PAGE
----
A tyrant father, a nurturant mother. How often have I heard my own my strident voice in discussions, and not considered it was the plaintive voice of a child? Perhaps I am confusing my search for these archetypes in my life with the more practical concerns of governing. Maybe the next time I want desperately to win a political argument I should go read a fairy tale instead.
Then again, perhaps weaving archetypes and governance is an intricacy of the human psyche. Perhaps we are all projecting our larger-than-life desires on politics—our desire for peace, alternating with our desires for power, for wealth, for justice, for freedom, for equality—contradictions among all of them, and all of them necessary in their own way.
The word “govern” traces its roots back through the Latin gubernare to the Greek kybernan: to steer or pilot a ship—a ship that must stay afloat above the dark and deep waters of the unconscious, our unknown origins. We need these waters, which lap at the edge of our government: without them there would be no journey, yet always present is the risk of sinking.
At the end of his life, Carl Jung believed that if the world was to avoid self-destruction, it was not government or movements or “-isms” that would save it. It would be, he believed, the work of a few committed individuals tempering the water from the nebulous sea of images and desires. It would be those few individuals willing to pull back their projections from politics, to face them squarely as part of themselves.
In a similar vein, Helen Luke writes that the world will continue only by the efforts of those individuals willing to focus on doing the next small thing in their lives; doing it with all their heart and soul; and doing it for the ones they love. The only way to transform the inflated sense of power that comes from dealing with the large in the world is by humbly and humanly focusing on the small.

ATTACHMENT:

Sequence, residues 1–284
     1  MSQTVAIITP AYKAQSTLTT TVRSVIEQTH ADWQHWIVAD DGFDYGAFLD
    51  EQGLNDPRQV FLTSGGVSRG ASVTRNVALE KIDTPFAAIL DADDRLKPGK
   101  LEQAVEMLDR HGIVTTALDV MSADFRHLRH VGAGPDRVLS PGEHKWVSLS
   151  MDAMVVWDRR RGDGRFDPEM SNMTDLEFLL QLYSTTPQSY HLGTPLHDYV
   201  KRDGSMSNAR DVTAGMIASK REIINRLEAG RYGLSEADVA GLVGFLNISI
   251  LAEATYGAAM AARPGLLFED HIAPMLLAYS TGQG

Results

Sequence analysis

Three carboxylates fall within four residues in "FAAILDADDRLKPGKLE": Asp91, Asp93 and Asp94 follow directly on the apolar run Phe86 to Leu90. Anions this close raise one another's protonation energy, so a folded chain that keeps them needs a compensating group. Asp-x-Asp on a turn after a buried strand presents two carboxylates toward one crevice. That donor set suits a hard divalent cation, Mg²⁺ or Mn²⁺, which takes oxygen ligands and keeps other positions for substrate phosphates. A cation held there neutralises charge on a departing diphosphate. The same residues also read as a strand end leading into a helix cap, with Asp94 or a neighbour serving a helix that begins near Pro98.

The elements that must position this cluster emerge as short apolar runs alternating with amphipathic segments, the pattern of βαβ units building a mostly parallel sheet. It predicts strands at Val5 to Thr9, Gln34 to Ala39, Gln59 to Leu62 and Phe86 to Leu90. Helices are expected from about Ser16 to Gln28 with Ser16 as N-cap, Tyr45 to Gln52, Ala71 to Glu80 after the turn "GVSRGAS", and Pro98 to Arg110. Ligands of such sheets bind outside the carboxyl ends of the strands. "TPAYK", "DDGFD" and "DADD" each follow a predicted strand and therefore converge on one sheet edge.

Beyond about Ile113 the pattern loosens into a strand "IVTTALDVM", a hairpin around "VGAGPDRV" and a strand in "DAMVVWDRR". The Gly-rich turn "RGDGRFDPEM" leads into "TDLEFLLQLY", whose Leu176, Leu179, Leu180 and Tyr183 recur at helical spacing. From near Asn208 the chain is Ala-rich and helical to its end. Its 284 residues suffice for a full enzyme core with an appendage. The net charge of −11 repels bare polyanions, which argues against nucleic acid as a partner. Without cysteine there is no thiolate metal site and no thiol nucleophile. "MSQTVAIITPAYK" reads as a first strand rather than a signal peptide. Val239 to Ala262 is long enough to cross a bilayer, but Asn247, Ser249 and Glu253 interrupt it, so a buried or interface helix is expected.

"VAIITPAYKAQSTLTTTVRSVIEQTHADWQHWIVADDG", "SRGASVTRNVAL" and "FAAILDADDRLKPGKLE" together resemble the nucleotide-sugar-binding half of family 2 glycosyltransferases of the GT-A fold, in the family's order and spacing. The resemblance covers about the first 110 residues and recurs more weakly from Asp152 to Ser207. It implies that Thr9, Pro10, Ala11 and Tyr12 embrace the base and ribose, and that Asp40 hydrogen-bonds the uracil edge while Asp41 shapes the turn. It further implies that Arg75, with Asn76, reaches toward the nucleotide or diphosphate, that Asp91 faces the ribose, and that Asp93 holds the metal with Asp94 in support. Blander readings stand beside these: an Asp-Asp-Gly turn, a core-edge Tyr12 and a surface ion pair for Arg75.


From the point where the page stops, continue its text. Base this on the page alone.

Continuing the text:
I do not know if Jung and Luke are right, but I like their suggestion that solutions come from unexpected places. Their proposed solutions have feel of a fairy tale, the kind where the hero helps a small and helpless fallen bird and receives a silver feather that seems useless until the next step of the journey is revealed.
So, dear King and Queen, I will, like Jung did until his death, continue to vote, to read, to participate. But I will also take that small next step. I will turn down the urgent voices on the television; I will notice that my son’s hair in the right light catches a bit of gold, and that when he slams the door to his room, he is effectively protecting his territory, emotional and otherwise. I will find fairy tales in food pantries and at bird feeders. I will notice my own love of power, the times I’d like to push into another so I can feel myself full on, and maybe sometimes I will find another way.
Somewhere in the midst of the very next thing, in a place I may never see and among people I may never meet, perhaps a silver feather will be found, and though it will not make the news reports and will be only a dropped napkin at the state dinner, a few of the latent kings and queens of our democracy may whisper a small but steady sound of rejoicing.